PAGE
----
worse than luminance resolution - hardly surprising. But unless you're
    shooting images that contain nothing but saturated red and blue, the
    results aren't relevant for pictorial photography.

    So it's not that "the world is B&W". It's that "the world always has
    some luminance changes; nobody shoots saturated red/blue test targets".
    This test doesn't establish even that, since the target magnifications
    were not set properly.
    You're not reading. I didn't say full frame has zero value. I said
    that it does not have an advantage or disadvantage during properly-shot
    resolution tests. You seem incapable of understanding the difference.
    In an improperly-shot test. With a properly-shot test, the SD9 is worse
    than both the D60 and 1Ds, as expected.
    The SD9 resolution probably does exceed the D60 and 1Ds when shooting
    saturated red/blue test targets in a properly-shot test. But (a) this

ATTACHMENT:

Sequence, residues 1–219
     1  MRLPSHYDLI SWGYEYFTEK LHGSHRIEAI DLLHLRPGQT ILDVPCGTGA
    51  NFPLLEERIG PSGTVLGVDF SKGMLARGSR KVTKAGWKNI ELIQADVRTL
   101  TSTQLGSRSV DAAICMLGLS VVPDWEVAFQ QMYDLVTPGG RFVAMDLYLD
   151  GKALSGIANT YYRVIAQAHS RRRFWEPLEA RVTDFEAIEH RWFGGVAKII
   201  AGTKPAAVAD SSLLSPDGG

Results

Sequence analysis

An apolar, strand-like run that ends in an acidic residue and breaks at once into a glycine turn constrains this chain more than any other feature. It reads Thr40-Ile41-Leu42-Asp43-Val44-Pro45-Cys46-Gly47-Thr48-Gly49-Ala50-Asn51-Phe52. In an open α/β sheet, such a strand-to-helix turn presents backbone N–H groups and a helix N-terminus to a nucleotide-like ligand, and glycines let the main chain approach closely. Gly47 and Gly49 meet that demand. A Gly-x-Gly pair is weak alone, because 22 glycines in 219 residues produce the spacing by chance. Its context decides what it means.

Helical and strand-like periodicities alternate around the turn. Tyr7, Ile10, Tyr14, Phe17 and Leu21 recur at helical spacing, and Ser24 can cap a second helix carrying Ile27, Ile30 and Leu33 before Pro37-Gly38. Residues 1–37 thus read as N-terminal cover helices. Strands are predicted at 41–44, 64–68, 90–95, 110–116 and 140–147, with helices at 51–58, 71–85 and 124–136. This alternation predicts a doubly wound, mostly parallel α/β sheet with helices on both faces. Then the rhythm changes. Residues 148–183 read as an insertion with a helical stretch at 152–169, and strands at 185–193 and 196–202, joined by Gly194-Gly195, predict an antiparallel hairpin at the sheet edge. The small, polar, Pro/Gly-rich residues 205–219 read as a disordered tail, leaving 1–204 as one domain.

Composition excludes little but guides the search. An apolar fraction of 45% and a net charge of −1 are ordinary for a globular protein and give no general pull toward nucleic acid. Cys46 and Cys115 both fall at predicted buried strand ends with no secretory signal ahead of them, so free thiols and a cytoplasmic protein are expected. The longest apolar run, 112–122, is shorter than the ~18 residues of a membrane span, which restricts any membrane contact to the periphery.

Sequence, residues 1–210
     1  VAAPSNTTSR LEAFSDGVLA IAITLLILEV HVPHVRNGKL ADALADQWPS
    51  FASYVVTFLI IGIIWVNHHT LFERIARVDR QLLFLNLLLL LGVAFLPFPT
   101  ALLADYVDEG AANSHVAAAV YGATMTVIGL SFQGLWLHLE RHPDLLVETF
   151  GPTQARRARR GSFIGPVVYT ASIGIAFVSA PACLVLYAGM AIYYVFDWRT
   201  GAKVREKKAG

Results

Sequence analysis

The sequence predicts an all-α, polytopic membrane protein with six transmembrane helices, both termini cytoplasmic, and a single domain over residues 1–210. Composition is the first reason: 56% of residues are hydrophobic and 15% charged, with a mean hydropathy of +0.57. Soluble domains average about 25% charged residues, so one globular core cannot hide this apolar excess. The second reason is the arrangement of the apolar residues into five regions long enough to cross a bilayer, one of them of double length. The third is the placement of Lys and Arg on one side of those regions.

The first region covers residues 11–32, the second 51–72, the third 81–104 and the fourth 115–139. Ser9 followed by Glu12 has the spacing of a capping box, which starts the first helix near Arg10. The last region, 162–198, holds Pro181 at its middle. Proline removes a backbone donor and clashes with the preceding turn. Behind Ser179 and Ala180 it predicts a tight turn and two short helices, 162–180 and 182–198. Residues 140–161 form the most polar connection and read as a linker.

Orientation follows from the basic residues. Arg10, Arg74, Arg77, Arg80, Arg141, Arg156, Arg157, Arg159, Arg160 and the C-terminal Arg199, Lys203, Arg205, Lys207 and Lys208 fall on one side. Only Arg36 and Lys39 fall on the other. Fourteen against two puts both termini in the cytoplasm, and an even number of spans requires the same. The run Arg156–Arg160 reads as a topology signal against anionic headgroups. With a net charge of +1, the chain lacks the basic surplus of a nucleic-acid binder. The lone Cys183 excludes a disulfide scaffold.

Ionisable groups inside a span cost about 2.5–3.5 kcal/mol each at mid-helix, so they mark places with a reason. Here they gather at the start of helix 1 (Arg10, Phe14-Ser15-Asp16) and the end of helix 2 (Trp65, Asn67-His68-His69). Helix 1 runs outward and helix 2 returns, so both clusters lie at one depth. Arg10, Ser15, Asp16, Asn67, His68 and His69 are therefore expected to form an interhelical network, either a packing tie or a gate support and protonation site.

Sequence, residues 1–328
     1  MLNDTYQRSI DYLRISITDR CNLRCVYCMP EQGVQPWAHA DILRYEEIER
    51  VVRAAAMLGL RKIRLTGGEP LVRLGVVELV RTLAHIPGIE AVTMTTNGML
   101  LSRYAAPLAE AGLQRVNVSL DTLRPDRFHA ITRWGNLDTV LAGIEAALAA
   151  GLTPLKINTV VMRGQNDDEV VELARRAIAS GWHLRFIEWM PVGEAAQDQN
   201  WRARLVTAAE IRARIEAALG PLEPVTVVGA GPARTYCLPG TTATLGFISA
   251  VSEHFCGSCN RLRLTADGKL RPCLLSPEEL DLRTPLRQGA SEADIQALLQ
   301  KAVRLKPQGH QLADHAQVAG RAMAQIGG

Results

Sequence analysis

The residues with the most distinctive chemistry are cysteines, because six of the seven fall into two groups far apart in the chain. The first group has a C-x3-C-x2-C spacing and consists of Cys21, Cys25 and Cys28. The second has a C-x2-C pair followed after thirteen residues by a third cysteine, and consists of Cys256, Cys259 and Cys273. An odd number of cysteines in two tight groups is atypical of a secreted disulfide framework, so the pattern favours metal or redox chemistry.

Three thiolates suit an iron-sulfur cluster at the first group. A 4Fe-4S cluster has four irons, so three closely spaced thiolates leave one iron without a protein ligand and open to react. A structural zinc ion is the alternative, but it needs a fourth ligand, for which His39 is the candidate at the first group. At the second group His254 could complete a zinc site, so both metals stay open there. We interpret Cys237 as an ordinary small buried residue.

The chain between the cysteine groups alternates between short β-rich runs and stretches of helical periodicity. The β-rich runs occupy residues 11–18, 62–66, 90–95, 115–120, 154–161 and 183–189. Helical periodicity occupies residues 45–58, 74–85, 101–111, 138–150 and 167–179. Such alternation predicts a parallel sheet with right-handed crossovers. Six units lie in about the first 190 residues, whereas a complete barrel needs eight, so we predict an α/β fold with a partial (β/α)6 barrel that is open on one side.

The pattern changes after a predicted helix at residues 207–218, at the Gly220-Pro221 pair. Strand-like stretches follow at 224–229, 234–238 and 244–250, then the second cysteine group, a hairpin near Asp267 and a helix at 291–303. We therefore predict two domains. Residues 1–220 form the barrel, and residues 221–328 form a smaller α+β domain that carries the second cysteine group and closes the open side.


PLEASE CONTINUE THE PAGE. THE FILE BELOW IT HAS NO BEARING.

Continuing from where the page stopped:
test doesn't demonstrate this, since it wasn't properly done, and (b)
    the red/blue resolution isn't important to general photography.

    What matters is that both the D60 and 1Ds capture more real detail from
    real-world scenes, where there are luminance differences.

    (Also, note that all of the above is true for any 3-colour 3.4 MP
    sensor, including flatbed and slide scanners and a 3CCD camera. The SD9
    and SD10 have additional problems not related to spatial resolution).

    Dave
     
    Dave Martindale, Dec 31, 2003
  13. George Preddy

    JPS Guest

    In message <bsubmk$e17$>,
    There are varying wavelengths of light in the real world, but the B&W
    tests are generally a better measure of real photographic performance
    than your artificial outbackphoto test, aimed precisely at the main node
    in bayer perception, which has no relationship to most real-world color
    scenarios. Real-world colors tend to be less saturated, and even when
    they _are_ highly saturated, it is not usually fine alternating lines of
    two extremely saturated colors with no luminance difference.

    B&W tests on a color system will show many color reproduction problems,
    if they exist. You need good color to avoid color fringing and other
    chromatic artifacts. Your B&W 60-spoke wheel from the SD9 has more
    color fringing in it than the one from my 10D does. I go around yours
    with the info tool, and it reports saturation levels in the lower teens